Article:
root@server1:~# rsync -rlptogvR -e 'ssh -l root' --numeric-ids "/home/geohei" jw@192.168.1.174::QQQ/server1
...
Correct. Though I would recommend taking the habit of using a trailing '/' only when required to be consistent with rsync with no -R option where it matters.
geohei wrote: Also ... whether I use the module QQQ or the path /volume1/abc doesn't matter.
Hence, for me, the trailing slash doesn't matter in the source since I use the -R option.
You agree?
Correct again.
Matters however to explain some behavior you mentioned in https://forum.synology.com/enu/viewtopi ... 07#p498145 ;-D
geohei wrote:
nixjps wrote: Permissions on destination folder/file is preserved when the folder/file is in the tree to copy.
The destination folder (QQQ:server1 and QQQ:server2) when it's not part of the tree is created with default system permissions.

(BTW, in rsync 3.0.9, before creating the top level destination directory, program saves umask value, sets umask to 0, creates the directory and sets back umask to original value. In more recent version it simply creates directory with default permission 0777, so process umask value is used)....)

On synology, it seems that that when using -R, the target directory inherits the default ACL permissions with or without trailing / in source. Same behavior when not using -R and no trailing / in source. When using -R and a trailing / in source, ACL is cleared and default 0777 permission is used. Makes sense to me as I believe its in fact driven by the client. See later why.
But then we are down to the different behavior of destionation directories "server1" and "server2" of this posting:
See: https://forum.synology.com/enu/viewtopi ... 07#p498145
"server1" on destination has ACLs.
"server2" has no ACLs.
I don't see how this would be explained by the above.
nixjps wrote:
geohei wrote:Remains however the question about why rsync adds ACL permissions to server1.
Actually, I believe that what is happening is not that rsync adds ACL permissions.... What happens is that it uses mkdir(3) with mode 0777 to create folder 'server?', that folder being in one that has ACL ans inheritance set.... So folder 'server?' inherits....
Question is in fact why does this not happen when we use -R and and a trailing / in source?.... I suspect that if we paused or killed the transfer just after creation, we would see that 'server?' inherits ACL....

When we wait until end of transmission permissions, ownership and group membership are set according to source (assuming -pog and user is root). As we are using a trailing slash, a chmod(3) is done on folder 'server1' with the permissions of source './'.... That clears ACLs.

I may be wrong, but this must be close to what is going on....
I read, reread and rereread what you wrote, but as far as I understood, all this still doesn't explain why in the tests above, server1 behaves different than server2 (both with the -R option) in terms of ACLs.
I believe it does. ;-D. I give another look at your sequence in the post you referred to. I think that what has happened is that you might have kept folder server2 between testing sequences ... Hence some commands triggered a mkdir from server while other did not not (because already existing folder)...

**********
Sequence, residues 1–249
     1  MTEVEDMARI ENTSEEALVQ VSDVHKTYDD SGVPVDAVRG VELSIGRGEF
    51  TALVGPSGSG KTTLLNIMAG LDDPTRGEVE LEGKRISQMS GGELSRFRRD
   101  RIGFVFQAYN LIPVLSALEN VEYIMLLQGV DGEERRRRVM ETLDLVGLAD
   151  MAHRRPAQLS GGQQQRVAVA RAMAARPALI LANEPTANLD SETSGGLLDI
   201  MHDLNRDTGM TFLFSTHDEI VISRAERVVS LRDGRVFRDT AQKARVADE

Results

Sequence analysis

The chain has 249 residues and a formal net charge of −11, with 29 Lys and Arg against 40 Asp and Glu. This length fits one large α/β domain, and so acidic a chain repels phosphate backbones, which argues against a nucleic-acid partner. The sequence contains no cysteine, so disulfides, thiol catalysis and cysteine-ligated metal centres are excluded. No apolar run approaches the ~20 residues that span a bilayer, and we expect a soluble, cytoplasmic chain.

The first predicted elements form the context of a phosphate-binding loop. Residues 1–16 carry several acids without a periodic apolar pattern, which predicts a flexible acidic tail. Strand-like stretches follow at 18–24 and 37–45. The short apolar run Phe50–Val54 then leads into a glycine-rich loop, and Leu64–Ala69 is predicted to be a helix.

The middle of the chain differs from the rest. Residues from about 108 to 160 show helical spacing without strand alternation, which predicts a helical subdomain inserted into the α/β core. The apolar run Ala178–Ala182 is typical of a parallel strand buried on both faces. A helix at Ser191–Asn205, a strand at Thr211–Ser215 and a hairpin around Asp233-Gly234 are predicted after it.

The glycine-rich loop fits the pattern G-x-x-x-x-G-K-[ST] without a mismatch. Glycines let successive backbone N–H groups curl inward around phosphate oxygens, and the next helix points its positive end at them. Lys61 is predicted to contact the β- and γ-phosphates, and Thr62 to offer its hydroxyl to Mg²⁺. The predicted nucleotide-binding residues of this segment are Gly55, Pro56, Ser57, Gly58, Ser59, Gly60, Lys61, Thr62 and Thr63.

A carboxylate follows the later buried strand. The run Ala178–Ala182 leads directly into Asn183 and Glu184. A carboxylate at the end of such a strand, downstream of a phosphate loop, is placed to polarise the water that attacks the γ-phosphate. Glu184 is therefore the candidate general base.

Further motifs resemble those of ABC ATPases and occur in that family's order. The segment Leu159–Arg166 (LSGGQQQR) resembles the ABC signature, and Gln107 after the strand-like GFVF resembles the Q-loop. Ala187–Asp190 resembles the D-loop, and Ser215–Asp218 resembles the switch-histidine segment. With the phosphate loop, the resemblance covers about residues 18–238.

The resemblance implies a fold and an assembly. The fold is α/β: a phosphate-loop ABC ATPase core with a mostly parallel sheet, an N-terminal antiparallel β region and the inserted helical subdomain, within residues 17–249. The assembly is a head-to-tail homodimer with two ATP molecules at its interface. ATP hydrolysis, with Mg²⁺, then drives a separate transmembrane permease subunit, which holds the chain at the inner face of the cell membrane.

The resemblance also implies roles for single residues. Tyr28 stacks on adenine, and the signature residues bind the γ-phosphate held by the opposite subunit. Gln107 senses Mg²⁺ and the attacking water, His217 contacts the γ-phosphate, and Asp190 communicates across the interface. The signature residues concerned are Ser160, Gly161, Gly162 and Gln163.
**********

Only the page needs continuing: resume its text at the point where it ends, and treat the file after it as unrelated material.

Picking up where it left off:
According to your test you first did:
- root@server1:~# rsync -rlptogvR -e "ssh -l root" --numeric-ids "/home/geohei/" jw@192.168.1.174::QQQ/server1
As per rules discussed above. server1 is created in module's QQQ folder (which has ACL) with default permissions (mkdir()) and ownership/group membership as per your /etc/rsyncd.conf
Hence you get "d---------+ 1 root nobody 8 Sep 4 16:38 server1"
Then you run same command without -R:
- root@server1:~# rsync -rlptogv -e "ssh -l root" --numeric-ids "/home/geohei/" jw@192.168.1.174::QQQ/server1
At this stage whether you had deleted server1 or not has no impacts. Indeed as per rules discussed above, because of the trailing /, you are syncing content of geohei (king of ./) into server1 so at the end of the transfer rsync server will explicitly set permission on server1 hence will clear ACLs.
ls gave "drwxr-xr-x 1 1000 1000 108 Sep 2 19:53 server1", which I bet is the permission, ownership and group membership of /home/geohei

Then you did tests for server2.
You wrote you run:
- geohei@server2:~$ rsync -rlptvogR -e "ssh -l root" --numeric-ids ... jw@fqdn_nas::QQQ/server2
And result being "drwx--x--- 1 26766 4 98 Sep 4 16:30 server2"
Given folder's owner, I suspect you had run just before rsync -rlptvog, which due to trailing slash created folder server2 with owner 26766. Otherwise, assuming server2 did not exists, you would have had ownership rsyncd.conf's uid/gid and system default permissions due to the mkdir(3) (with ACLs)....

geohei wrote: [...]
nixjps wrote:I would suggest you redo the test to make sure that behaviour is not as discussed above.
Sorry ... which one do you mean.
The sequence in https://forum.synology.com/enu/viewtopi ... 52#p498145 making sure server{1|2} are deleted between transfers.

I think we are close to have addressed the questions and uncertainties. Once we have, we can post a summary to close the thread. ;-D. What do you think?

PS: Have had a chance to test the /etc/sudoers suggestion? That would allow running rsync as root (--rsync-path "sudo rsync") from user jw@synologyDSM without exposing root account through ssh.

Cheers,
DS916+ (8G) - DSM 6.1.3-15152u4 - ST8000VN0022-2EL112 x 3 - 1 SHR Disk Group - 2 volumes - Home Usage
DS216Play - DSM 6.1.3-15152u4 - ST4000DM000-1F2168 x 2 - Basic Disks - 2 Volumes - Off site backup of DS916+ and local browsing of Photos, Musics and Videos
DS916 and DS216Play MAN link (1Gb FFTH same ISP).
DS916 S2S -> DS216Play, HyperBackup of DS916 config & critical data to DS216Play. HyperBackup of DS216Play configuration and local data to DS916